But there were rewarding moments of calm that kept me going. One was this HGTV moment before I left that I’ll never forget. I had packed them up, moved them down with whatever I could fit in the rental car, got them moved in, went to a consignment shop to get them furniture, got it delivered, put it together—towels, sheets, pictures on the walls, every item you could possibly think of. I got them used to being around new people, eating meals together, having people manage their medicine; effectively getting them comfortable with the new normal. It was overwhelming, but in the end it felt so good. I took a step back after putting my mom’s room together and everything was just right, I felt happy with leaving her there. To this day, her facility still choses her room to show on the tours, and I know she’s proud of that. I am too.  

They both started off in assisted living, and my brother was doing great, but about 18 months in he started slipping mentally and made a major escape from the facility. He threw all of his clothes and belongings out the window, jumped out after them and took off, because he believed he was told they were going to kick him out. He had fallen quite a ways and they found him hiding under something in the woods, so they took him to the hospital. The executive director said they couldn’t take him back because he needed to be secured, and at the time their memory care was all women, so having a young male with these 80 and 90-year-old women was not a good fit. The hospital basically called me on a Friday said I had to get him the next day or he’d be released to a homeless shelter. I told them I lived in Wisconsin and they gave me until Sunday, so after that tough call I found a new place in a hurry. It was beautiful and it was a 100 percent memory care facility, but it cost my mom an arm and a leg. Then we had problems where they mismanaged his medicine, he fell multiple times and had gouges on him, and I had to hire a caretaker at the price of $25 an hour to do little things like replace the glasses that the facility lost and get him clothes. The caretaker was sending me pictures and said something wasn’t right with that place, so I knew I had to look into it further and find a better option. The executive director from his former facility visited him and called me worried, saying I had to get him out of there. She said they’d take him back because she couldn’t stand seeing him like that. He was almost dead.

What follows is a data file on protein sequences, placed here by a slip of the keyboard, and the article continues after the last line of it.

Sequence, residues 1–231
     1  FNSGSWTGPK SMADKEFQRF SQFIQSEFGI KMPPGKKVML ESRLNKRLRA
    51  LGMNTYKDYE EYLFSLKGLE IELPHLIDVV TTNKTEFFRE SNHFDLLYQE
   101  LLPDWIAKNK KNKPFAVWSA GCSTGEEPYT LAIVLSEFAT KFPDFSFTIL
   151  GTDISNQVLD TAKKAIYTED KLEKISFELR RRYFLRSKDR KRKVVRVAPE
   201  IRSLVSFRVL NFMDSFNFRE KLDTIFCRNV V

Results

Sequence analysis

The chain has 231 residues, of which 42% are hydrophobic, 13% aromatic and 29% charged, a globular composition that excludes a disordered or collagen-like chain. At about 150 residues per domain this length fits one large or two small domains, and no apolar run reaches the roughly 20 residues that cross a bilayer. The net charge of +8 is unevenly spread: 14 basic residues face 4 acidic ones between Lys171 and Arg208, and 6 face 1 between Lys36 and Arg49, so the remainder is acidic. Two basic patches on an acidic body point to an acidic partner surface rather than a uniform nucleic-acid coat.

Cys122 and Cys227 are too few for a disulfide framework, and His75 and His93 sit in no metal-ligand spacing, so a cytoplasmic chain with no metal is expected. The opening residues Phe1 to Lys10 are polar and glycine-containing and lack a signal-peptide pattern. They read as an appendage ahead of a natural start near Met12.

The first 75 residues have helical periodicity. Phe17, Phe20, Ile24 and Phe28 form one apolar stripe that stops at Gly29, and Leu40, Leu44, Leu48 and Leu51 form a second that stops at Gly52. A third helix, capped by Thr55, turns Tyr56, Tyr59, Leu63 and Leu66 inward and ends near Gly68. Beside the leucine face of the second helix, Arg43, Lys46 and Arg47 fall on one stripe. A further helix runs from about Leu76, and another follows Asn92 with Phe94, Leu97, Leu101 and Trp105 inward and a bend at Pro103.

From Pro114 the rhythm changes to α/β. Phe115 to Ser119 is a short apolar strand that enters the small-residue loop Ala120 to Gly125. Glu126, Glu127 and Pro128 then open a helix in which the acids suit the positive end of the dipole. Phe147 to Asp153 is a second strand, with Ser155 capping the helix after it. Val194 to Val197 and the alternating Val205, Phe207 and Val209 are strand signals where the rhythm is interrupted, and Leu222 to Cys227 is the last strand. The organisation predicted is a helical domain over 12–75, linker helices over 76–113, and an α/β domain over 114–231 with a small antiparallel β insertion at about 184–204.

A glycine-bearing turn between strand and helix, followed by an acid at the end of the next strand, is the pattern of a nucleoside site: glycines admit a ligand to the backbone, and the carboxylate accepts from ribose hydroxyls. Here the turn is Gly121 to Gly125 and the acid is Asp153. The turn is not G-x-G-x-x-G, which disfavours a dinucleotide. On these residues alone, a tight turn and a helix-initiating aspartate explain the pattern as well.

After two weeks in the intensive care unit of the hospital I moved him into memory care back in the facility where he started with my mom. My brother would have died if he had stayed in the other facility; if I hadn’t intervened with the help of his caregiver and original executive director. He’s gotten much better and is doing great in the memory care at the first facility, but we’ve had a lot of elopement issues. He’s very intelligent, so he’ll figure out the code and escape, or convince a new staff member to give him a little freedom, and then he’s off. It’s hard when I’m so far away because I feel powerless, so I really need to trust the place and the people—I need someone to be an advocate for me. That is what I want to do for you; I want to be that person who is looking out for you and your loved one. Because I’ve been in your shoes—I can relate to what you are experiencing, I care deeply, and I know where and how to look to offer the most ideal solution.